In this Quick Read, we take a high-level look at The Theory of Constraints (ToC). We explore where it comes from, the theory behind it, how to implement successfully, and the benefits of using this technique.
Where did the Theory of Constraints originate?
ToC is a management philosophy introduced by Eliyahu M Goldratt in his 1984 book titled The Goal. It is an approach to managing business operations within an organisation.
What is Theory of Constraints?
ToC argues that since it is not always possible to evenly distribute work throughout a process, a system will be limited in achieving more of its goals by a very small number of ‘constraints’ or ‘bottlenecks’.
How do I implement ToC?
- Identify where the bottlenecks/constraints exist. These are the areas that hinder the delivery of your organisational goals to the customer.
- Exploit the constraint and the factors that hinder the achievement of goals to ensure you are managing the constraint efficiently and using resource effectively.
- Subordinate every other decision to the bottleneck. The idea is that all processes that are not bottlenecks have some slack to support the bottleneck. For example, to improve the performance of the bottleneck, any process steps before the constraint must be managed to ensure they do not overload the bottleneck and further impact timings.
- Elevate the bottleneck. Most people apply this first by adding more people, machines, training, tools etc. However, this should only happen when all the ‘free’ improvements have been finished.
- Repeat. As one constraint is eliminated, it is likely that another constraint will arise (often the bottleneck shifts to a different process step). When this occurs, the organisation moves its attention to the new constraint. This process repeats itself to allow continuous improvement.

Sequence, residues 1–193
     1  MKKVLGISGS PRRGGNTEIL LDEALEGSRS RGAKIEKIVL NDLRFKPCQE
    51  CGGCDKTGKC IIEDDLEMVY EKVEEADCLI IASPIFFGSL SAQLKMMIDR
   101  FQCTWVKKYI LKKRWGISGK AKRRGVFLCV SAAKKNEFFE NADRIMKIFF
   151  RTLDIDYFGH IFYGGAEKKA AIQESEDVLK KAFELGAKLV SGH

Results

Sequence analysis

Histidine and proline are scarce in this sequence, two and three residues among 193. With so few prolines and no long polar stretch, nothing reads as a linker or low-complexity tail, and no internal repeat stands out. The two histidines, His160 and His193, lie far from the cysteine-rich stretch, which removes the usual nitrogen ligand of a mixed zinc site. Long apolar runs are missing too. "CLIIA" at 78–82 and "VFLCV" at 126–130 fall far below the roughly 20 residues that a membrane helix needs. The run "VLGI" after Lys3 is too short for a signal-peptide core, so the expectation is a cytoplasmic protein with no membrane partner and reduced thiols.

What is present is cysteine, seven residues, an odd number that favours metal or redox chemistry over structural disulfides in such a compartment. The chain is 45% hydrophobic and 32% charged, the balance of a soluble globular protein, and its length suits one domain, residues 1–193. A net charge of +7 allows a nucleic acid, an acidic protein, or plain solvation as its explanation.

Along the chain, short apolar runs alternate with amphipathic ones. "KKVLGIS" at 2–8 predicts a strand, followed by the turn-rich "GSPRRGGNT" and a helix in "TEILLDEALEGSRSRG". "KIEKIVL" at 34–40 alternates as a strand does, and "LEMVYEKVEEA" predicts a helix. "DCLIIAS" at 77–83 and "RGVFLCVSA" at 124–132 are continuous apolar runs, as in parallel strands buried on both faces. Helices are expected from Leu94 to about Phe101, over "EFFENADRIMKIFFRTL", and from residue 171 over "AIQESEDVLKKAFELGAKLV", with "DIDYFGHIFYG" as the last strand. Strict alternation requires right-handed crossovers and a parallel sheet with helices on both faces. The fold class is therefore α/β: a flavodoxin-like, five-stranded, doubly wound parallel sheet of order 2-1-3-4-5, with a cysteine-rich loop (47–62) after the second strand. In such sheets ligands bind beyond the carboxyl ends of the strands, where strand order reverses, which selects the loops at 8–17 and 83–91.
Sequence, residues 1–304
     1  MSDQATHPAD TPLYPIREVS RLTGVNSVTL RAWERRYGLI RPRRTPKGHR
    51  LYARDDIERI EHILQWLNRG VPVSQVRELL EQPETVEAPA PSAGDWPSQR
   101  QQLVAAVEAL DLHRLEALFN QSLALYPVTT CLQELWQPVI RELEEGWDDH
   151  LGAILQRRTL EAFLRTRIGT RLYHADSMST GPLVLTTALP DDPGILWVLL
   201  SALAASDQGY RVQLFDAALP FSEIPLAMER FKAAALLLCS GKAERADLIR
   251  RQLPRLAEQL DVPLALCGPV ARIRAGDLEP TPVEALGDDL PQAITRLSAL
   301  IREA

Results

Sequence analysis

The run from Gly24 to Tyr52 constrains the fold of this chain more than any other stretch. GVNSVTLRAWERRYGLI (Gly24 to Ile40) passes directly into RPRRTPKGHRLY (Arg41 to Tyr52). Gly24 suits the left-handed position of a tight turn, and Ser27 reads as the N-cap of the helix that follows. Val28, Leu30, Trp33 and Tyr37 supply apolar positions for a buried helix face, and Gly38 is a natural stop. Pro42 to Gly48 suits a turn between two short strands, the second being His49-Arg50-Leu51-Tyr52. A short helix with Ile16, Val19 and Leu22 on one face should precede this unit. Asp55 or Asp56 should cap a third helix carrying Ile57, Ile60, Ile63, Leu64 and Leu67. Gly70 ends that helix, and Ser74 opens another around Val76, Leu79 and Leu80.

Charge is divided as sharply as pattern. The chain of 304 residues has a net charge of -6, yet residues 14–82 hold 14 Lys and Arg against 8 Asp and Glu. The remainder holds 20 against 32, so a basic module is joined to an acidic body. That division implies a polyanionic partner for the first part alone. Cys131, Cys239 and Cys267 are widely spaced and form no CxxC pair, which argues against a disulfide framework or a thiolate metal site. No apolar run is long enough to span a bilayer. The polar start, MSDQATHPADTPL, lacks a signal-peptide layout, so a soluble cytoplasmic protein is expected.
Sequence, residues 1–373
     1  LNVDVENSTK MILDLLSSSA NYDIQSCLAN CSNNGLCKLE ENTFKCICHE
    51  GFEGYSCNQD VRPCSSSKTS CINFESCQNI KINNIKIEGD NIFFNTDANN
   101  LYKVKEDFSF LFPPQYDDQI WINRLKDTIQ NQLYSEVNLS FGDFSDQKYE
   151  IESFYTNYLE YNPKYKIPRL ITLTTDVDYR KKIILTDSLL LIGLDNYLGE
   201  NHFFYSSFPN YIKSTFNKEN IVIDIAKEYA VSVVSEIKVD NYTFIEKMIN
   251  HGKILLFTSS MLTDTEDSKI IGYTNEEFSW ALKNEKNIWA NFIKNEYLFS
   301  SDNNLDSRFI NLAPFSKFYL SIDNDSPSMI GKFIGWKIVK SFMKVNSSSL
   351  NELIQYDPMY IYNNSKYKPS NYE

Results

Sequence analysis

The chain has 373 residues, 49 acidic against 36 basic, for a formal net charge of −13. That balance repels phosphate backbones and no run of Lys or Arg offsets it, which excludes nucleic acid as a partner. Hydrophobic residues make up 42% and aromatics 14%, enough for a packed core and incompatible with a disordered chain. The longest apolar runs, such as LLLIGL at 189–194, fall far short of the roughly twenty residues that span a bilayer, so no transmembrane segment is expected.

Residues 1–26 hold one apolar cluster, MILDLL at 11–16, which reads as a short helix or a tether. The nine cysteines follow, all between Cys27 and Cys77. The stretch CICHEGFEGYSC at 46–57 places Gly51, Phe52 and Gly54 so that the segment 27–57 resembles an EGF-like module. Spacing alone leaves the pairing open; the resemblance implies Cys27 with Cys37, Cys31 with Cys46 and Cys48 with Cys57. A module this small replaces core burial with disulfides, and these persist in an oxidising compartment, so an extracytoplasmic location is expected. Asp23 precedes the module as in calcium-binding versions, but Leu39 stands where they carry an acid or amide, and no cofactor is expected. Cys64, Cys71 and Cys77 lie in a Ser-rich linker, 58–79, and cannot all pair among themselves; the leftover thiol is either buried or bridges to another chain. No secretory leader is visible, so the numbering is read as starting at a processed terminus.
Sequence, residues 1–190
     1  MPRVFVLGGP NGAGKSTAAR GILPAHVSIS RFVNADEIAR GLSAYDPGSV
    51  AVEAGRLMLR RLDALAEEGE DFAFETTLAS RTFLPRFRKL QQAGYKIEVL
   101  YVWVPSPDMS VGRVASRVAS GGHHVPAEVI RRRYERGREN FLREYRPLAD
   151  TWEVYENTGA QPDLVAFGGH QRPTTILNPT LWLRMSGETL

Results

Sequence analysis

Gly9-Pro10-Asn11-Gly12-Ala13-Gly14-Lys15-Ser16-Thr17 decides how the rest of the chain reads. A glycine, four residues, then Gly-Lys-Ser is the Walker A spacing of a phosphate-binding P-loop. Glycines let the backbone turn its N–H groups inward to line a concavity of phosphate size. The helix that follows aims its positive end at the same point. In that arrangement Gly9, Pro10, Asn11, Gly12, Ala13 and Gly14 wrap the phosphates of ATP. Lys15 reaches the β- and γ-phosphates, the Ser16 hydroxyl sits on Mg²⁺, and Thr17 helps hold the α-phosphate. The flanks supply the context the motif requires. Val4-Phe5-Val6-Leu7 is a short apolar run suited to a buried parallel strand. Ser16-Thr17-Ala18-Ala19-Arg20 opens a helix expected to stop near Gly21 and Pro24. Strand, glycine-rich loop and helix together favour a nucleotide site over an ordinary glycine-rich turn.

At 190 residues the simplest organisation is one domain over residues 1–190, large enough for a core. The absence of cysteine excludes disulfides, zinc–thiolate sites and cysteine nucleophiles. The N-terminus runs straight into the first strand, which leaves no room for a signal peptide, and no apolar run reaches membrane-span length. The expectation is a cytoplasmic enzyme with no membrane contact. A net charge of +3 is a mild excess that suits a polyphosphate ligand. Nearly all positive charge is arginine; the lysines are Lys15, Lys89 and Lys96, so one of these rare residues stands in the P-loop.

What are the benefits of applying Theory of Constraints?
ToC can significantly improve your capacity to create more product, reduce lead times, inventory and work in progress. This will ultimately increase profit. By focusing all your attention on one critical area, you can make improvements quickly and create a smooth process flow. Each bottleneck removed allows the whole process flow rate to be increased, i.e. the Takt time can be raised.
ToC is a technique for identifying the most important constraint (or bottleneck) that limits or impacts organisational goals. All effort is then focused on the constraint until it is no longer the limiting factor. The ToC process is repeated to achieve continuous improvement.
Successful application of ToC will deliver many benefits that ultimately improve customer satisfaction and increase profit.
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